## Archive for the ‘Uncategorized’ Category

### Re: Schonhardt polyhedron, IMS-2013/4 program, etc…

28 November, 2013

The program announced at this post is finally happening, here is
the official schedule etc.

Two of my graduate students at NTU, Svetlana Obraztsova and Nick Gravin, received their PhDs in the past 12 months.

And, on a personal note, there is Jacob Victor, a.k.a. Yasha, born in August 2012 🙂

### An email from Sendai (Tohoku University)

13 March, 2011

I was very glad today to receive an email from Akihiro Munemasa (from Tohoku university at Sendai), my long-term collaborator and friend. He says he’s OK, but has no electricity/water/gas…

And, as we see, they have internet, at least some kind of service (email went via me.com, a web-mail service run by Apple).

Well, I can only wish a lot of strength to Akihiro, and all the people affected by this disaster!

PS: today (14th March) he also sent me photos of his office:

### 2010 in review – Happy New Year!

2 January, 2011

While it might be snowing on this page, Edith picked up a mango fallen from a tree outside our block of flats this afternoon…

The stats helper monkeys at WordPress.com mulled over how this blog did in 2010, and here’s a high level summary of its overall blog health:

The Blog-Health-o-Meter™ reads Fresher than ever.

## Crunchy numbers

A Boeing 747-400 passenger jet can hold 416 passengers. This blog was viewed about 5,700 times in 2010. That’s about 14 full 747s.

In 2010, there were 6 new posts, growing the total archive of this blog to 33 posts. There were 5 pictures uploaded, taking up a total of 28kb.

The busiest day of the year was May 11th with 79 views. The most popular post that day was Is C++ the worst 1st programming language for maths majors?.

## Where did they come from?

The top referring sites in 2010 were terrytao.wordpress.com, cameroncounts.wordpress.com, debian-news.net, edventure.ntu.edu.sg, and symomega.wordpress.com.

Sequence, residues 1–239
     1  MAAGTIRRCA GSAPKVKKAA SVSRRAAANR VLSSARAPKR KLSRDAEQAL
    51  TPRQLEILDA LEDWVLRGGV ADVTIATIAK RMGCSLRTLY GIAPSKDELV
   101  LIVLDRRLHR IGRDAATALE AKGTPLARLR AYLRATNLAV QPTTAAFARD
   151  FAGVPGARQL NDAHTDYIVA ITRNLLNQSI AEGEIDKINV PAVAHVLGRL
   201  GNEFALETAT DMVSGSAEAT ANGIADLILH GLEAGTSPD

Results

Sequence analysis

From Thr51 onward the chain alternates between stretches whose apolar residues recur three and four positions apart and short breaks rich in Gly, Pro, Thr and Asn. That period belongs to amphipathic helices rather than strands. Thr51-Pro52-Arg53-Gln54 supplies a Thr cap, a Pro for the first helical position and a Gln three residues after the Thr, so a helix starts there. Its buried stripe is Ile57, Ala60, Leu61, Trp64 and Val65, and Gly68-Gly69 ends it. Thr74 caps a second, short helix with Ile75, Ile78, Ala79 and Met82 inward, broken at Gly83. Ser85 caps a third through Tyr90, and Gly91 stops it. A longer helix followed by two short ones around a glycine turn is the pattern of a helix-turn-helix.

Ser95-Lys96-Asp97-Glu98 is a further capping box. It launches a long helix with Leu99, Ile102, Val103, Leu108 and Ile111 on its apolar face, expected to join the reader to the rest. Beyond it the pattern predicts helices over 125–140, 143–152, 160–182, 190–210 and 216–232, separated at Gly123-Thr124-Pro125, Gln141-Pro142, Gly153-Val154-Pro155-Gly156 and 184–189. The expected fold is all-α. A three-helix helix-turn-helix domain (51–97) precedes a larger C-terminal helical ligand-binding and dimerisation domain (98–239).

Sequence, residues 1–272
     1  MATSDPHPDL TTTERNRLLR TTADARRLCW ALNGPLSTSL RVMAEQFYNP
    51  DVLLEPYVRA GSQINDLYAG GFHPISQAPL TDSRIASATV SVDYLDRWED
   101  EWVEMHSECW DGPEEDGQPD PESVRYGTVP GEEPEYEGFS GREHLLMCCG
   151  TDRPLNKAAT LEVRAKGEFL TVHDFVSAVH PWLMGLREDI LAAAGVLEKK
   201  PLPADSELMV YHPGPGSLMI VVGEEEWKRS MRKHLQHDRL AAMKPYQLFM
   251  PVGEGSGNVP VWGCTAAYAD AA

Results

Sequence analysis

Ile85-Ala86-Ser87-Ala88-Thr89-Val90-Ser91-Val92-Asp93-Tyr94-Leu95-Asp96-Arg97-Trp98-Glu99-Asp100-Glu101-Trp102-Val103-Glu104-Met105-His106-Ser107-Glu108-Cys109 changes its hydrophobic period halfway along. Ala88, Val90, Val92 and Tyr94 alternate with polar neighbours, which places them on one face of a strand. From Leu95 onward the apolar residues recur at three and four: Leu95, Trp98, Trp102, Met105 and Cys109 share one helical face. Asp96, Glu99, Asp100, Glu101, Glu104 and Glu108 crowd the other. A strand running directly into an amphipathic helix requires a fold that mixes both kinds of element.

Some visitors came searching, mostly for funny pictures, funny, confused cat, total unimodularity, and funny pics.

## Attractions in 2010

These are the posts and pages that got the most views in 2010.

1

Is C++ the worst 1st programming language for maths majors? May 2010

2

Total unimodularity and networks October 2009
1 comment

3

Cosets and normal subgroups March 2009

4

Bipartite matchings via linear programming September 2009
1 comment

5

Bellman-Ford algorithm for shortest paths and potentials September 2009

### a subgeometry of D_3-dual polar space

29 May, 2009

In 1991 I provided to Andries Brouwer more examples of distance-regular graphs that were not known at the time the book “Distance-regular graphs” by Andries, A.M.Cohen, and A.Neumaier, that he included into “Additions and corrections”. Recently I was asked for more details on these. So I started to recall what that was all about (I drifted quite far from that area of research since then, I must say)…

D3-dual polar space is a bipartite graph $\Gamma=(V,E)$ that satisfies the following properties:

• each 2-path lies in a unique complete bipartite subgraph $Q$ with parts of size $\geq 3;$
• for any vertex $v\in V$ the edges $(v,u)\in E$ and the subgraphs $Q\ni v$ form a projective plane $\Pi_v,$ with respect to inclusion.